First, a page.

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Through the Looking Glass: By Saili Lohokare

For years, I have been hiding behind the brick wall, watching the shadows prance in the moonlight.

The people I once knew or I thought I knew will be etched into the crevices of a long forgotten cave, the snippets of insignificant conversation looming in the darkness. Once in a while, a distant memory will return and provoke the remembrance of that name scrawled in cursive on the back of a business card.

But tonight, the people are real. A slight creeping of recollection revives their existence as we all melt into the opulent display of life.  It is true that we all understand the power of perspective. But even perspective has its own perspective. Three-dimensional states such as these that keep the subjectivity of experience rejuvenated long enough that science cannot crush it.

If I was a rose, would I still bloom? If I was a bird, would I still fly?

Inherent qualities that define us, that build us create perspective and nonpareil differences.  But tonight that all falls away. Ordinary girls become the queens of hearts and ordinary boys become men. Because tonight we all dance to eternity, forgetting our differences, forgetting our respective pasts, and are content to just be alive.

The frenzy of prom is something one can only see through the looking glass. The anxiety that comes along with any attempt to recreate an image of perfection takes control of lives. It seems almost plastic in the sense that it advocates the fabrication of personas. Yet, we must understand that the looking glass tells all. The fabrications are quilted together into a temporary alternate reality, where everyone is beautiful and untouched by the suffocating expectations of the smoke filled chambers we call reality.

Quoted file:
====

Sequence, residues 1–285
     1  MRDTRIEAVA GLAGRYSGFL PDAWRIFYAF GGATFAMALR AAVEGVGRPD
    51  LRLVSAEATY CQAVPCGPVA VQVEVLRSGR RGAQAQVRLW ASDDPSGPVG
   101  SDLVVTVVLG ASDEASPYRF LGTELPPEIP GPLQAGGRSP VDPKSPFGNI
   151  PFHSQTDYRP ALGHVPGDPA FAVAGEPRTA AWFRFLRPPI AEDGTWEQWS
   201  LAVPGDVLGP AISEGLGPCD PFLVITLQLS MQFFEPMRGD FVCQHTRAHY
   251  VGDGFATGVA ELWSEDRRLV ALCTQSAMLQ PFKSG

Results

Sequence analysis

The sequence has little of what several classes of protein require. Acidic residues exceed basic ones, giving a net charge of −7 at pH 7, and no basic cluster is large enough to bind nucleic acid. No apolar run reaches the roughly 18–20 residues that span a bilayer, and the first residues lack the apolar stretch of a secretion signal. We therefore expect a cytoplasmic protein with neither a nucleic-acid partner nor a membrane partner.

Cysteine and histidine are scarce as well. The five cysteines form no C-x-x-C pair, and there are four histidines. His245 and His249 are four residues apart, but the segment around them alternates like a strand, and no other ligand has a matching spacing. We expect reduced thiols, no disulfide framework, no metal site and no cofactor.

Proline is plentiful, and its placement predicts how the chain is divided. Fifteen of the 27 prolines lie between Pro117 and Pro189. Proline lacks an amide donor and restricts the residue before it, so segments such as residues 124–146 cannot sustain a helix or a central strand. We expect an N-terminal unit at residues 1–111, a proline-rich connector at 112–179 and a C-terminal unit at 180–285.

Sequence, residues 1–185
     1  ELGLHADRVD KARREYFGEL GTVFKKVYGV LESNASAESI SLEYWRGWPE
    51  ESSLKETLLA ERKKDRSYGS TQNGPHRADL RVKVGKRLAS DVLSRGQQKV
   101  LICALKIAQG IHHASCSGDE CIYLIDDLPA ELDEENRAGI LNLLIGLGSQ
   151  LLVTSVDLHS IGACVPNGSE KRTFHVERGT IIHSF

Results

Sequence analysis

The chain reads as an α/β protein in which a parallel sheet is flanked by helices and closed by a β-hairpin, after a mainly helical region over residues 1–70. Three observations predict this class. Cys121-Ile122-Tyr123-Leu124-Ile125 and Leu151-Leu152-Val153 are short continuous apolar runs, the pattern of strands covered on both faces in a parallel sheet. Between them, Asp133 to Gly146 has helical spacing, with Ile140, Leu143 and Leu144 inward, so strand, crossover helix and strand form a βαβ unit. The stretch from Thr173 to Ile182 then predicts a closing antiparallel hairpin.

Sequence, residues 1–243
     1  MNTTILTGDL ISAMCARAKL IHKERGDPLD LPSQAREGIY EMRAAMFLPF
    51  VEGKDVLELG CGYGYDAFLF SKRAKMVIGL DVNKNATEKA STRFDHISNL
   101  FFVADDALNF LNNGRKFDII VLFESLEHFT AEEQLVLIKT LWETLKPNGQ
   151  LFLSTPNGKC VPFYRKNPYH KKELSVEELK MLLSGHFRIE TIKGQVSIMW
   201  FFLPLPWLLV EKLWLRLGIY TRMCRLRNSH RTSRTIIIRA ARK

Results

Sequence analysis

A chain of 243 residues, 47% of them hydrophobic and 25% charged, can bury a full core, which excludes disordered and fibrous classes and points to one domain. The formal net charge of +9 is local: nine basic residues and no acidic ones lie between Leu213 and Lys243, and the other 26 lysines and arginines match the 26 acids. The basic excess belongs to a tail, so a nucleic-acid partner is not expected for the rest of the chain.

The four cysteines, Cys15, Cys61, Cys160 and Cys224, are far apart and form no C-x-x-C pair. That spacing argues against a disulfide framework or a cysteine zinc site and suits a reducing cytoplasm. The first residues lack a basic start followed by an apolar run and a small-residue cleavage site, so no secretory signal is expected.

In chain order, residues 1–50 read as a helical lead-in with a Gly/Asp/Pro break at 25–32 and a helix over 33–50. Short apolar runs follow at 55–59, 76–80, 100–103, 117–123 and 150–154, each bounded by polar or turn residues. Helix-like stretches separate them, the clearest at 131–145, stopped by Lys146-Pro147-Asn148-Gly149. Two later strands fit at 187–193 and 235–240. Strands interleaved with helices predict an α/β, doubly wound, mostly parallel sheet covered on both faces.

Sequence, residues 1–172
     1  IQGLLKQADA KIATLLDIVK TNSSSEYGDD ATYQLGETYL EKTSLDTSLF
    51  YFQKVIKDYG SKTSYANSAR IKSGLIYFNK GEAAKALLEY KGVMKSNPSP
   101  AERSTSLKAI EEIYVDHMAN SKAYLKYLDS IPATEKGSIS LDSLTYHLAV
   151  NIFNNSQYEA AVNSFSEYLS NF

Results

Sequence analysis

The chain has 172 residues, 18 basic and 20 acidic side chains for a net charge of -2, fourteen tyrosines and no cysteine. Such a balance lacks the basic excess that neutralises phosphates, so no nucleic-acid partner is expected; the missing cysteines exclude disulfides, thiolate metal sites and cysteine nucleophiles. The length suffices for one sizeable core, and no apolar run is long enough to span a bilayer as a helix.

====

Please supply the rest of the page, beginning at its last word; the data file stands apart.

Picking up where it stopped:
Ten years from now, every one of us will take a walk to remember down memory lane. We may not remember who wore what or the specific details of the night. But we will always remember how we felt, with our heads held high like regal aristocrats and smiles as wide as an open window on a hot, summer night.

I wonder if I will become a crevice in someone else’s cave, or if they will recall how my iron irises light up in the sunlight and my tomboy dressing style. Will they remember my smile, my obsession with quotes and self-discovery? Or will I cease to exist, blending into fog as their headlights slowly fade away?

“Ms. Tandon, will you please explain to the class why the 1920s was such a symbolic period in United States history?”

“M’am, it is because the 1920s represented a time during which individuals focused on themselves and their personal perseverance towards acquiring happiness.”

With this abrupt jerk away from the intimate pleasure of platonic thoughts, the old pressures of unlearned physics equations and rhetorical terms flood back like the ocean’s waves during a torrential downpour. But the thoughts continue to hide behind the brick wall, watching, waiting. And whenever we feel as if we are alone in the midst of our own shadowy perspectives, we must remember that Alice herself lived through her looking glass.

Saili Lohokare is a junior at American High School in Fremont, Calif.


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FICTION: Through the Looking Glass

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